(Bloomberg) -- Oil industry criticism prompted Trump administration officials to restart talks over a proposal that would force large refineries to use more biofuel to make up for exemptions granted to small facilities, said three people familiar with the plans.
Amid the fresh deliberations, the Environmental Protection Agency called off an announcement of proposed biofuel quotas that had been planned for Friday, said the people, who asked not to be named detailing private negotiations. The episode marked the latest stalemate over the U.S. biofuel mandate as two key Trump constituencies -- the oil industry and agricultural interests -- clash over the policy.
At issue is the EPA’s drafted plan to incorporate some 1.5 billion gallons of additional biofuel requirements into proposed quotas for 2019, with the aim of making up for potential exemptions granted to small refineries. Ethanol producers and farm-state lawmakers have criticized those waivers, saying they undercut a 13-year-old federal law compelling refiners to blend biofuels into gasoline and diesel.
But the administration’s plan for making up for those forgiven biofuel quotas effectively meant redistributing the burden to non-exempted refineries, prompting an outcry from the top two oil industry trade groups.
Chet Thompson, president of the American Fuel and Petrochemical Manufacturers trade group, blasted the move as a “back-room deal” that “would flat out betray consumers, labor and refinery workers in Ohio, Pennsylvania, Texas, Louisiana and dozens of other states that helped elect this president.”
‘Breach of Trust’
Frank Macchiarola, a director at the American Petroleum Institute, said it would be “a total breach of trust between the EPA and the industry,” and warned that the group would battle the plan.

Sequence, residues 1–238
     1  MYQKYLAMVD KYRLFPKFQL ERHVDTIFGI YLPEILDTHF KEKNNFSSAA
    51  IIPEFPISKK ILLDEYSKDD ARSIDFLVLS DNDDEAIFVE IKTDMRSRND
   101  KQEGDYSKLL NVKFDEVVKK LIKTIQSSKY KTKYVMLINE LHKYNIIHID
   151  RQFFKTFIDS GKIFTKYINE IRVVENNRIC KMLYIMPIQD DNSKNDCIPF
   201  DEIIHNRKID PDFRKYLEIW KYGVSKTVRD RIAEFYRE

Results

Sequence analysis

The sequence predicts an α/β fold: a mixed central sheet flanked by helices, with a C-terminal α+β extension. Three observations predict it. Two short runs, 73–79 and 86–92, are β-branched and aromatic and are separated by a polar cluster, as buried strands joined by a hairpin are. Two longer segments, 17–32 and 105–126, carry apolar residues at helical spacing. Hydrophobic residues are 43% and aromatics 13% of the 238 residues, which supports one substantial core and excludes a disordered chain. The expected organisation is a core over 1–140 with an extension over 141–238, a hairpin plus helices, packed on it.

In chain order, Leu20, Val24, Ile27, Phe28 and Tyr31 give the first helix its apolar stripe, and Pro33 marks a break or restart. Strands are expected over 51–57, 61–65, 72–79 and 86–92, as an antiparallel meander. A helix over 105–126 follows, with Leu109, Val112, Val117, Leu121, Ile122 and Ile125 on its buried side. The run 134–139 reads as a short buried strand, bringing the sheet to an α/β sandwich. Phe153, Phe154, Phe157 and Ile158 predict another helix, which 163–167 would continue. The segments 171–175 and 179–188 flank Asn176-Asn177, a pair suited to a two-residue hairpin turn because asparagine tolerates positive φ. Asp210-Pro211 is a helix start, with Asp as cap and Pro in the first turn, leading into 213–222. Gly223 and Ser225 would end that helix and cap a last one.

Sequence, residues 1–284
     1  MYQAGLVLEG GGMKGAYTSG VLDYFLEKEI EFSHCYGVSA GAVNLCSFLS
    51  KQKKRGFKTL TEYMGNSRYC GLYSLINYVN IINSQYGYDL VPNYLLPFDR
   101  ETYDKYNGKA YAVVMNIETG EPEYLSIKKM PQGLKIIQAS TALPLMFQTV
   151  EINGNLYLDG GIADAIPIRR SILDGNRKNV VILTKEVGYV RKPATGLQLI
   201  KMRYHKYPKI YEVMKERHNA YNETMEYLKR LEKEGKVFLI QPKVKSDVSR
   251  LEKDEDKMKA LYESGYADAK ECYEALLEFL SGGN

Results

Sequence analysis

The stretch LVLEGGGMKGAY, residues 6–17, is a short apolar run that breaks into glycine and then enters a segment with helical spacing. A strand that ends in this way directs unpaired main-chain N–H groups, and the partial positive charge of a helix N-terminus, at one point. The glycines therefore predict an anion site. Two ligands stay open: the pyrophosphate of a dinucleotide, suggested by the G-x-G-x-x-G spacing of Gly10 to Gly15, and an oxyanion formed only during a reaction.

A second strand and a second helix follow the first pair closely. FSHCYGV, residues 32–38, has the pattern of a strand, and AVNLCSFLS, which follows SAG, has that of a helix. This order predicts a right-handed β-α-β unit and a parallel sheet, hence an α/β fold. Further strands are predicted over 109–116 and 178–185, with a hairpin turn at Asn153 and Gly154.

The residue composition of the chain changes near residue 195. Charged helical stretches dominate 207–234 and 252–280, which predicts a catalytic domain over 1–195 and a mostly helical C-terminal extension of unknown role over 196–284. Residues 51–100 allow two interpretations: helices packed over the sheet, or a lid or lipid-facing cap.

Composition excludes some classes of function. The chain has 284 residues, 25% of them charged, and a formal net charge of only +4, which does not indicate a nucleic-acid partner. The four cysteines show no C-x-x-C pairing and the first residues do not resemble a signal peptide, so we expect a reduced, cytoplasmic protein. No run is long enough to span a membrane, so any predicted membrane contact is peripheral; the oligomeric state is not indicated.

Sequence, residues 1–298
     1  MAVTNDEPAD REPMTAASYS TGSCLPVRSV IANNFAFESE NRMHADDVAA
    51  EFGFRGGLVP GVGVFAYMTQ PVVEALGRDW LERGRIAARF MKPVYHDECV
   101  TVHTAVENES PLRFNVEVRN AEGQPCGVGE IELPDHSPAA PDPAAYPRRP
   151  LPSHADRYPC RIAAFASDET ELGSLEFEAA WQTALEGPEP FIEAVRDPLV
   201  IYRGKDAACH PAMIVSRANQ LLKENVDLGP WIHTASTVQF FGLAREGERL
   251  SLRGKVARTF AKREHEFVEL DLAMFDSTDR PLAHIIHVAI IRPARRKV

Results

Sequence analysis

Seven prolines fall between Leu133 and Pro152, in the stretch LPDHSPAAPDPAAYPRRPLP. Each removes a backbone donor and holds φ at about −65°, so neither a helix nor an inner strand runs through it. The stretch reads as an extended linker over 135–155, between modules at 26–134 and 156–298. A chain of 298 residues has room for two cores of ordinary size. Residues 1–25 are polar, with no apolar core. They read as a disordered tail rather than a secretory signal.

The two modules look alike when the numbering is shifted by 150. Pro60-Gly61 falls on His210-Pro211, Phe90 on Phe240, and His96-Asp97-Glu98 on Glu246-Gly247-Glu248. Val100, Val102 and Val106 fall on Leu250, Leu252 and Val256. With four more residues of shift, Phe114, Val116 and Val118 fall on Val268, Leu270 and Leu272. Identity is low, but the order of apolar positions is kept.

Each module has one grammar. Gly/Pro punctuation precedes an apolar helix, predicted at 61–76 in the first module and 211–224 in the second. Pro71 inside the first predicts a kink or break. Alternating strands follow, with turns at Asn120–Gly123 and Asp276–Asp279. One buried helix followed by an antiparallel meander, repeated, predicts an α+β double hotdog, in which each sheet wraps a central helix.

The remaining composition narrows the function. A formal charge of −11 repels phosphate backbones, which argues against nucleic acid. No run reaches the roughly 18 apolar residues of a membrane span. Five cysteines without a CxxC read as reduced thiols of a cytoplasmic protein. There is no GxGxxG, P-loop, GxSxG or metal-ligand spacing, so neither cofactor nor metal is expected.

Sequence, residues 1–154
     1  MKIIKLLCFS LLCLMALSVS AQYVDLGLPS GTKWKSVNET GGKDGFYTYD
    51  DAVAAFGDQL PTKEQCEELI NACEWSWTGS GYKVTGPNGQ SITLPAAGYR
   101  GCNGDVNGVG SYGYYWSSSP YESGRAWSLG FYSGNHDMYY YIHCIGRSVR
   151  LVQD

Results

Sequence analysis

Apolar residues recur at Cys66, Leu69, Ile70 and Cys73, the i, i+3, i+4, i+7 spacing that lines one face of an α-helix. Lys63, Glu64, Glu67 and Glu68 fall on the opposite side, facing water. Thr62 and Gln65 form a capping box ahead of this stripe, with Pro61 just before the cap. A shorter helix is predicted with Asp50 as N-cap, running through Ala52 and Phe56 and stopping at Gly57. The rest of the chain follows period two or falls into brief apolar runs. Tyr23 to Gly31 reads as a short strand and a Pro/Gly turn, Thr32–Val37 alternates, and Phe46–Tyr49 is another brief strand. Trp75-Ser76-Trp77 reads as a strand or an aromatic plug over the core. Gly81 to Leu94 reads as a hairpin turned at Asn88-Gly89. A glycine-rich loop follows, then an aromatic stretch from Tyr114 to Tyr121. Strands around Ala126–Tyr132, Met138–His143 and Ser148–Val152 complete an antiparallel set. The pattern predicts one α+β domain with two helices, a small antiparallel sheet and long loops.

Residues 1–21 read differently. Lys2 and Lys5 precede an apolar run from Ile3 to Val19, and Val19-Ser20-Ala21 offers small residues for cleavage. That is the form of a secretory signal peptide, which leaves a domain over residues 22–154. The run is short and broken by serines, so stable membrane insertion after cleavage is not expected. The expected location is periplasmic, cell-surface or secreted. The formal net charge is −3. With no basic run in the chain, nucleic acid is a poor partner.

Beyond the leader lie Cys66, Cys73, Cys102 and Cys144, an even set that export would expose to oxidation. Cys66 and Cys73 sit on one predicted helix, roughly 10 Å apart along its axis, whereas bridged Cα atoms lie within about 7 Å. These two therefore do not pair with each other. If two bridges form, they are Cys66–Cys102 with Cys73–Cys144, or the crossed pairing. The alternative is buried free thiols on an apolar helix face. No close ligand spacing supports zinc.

The EPA has been preparing to unveil a proposed rule setting biofuel blending targets for 2019 after weeks of interagency negotiations. EPA Administrator Scott Pruitt and Agriculture Secretary Sonny Perdue had planned to travel to Missouri for an event on Friday that was expected to be the biofuel announcement.
The Trump administration has little political and legal room to maneuver. Farm-state lawmakers, including Iowa’s Republican senators Chuck Grassley and Joni Ernst, have insisted that the EPA must back off issuing waivers or reallocate the exempted biofuel gallons. But under the federal Renewable Fuel Standard law, small refineries facing a “disproportionate economic hardship” can get EPA exemptions from annual biofuel quotas.
For now, the reallocation language is still in a draft proposed rule laying out 2019 biofuel quotas, said two people familiar with the discussions. But ongoing negotiations -- and interventions from the top levels of the administration -- could change that. Refining industry allies on Capitol Hill have been encouraged to press the issue with the White House.
Under federal law, the EPA has until Nov. 30 to finalize the annual biofuel targets.
In visits to Nebraska, Kansas and South Dakota last week, Pruitt assured farmers asking about support for biodiesel that they’d be very happy in a week -- a comment perceived as a nod to the coming quotas. Midwestern farmers also pressed Pruitt to make up for the waived biofuel gallons during his tour.
Compliance with the quotas is tracked with tradeable credits known as Renewable Identification Numbers, or RINs. The value of RINs tracking 2018 ethanol blending rose 30 percent to 30.5 cents apiece as of Thursday morning -- the highest since May 22. They traded at 23.5 cents on Wednesday morning before Bloomberg first reported on EPA’s proposal.
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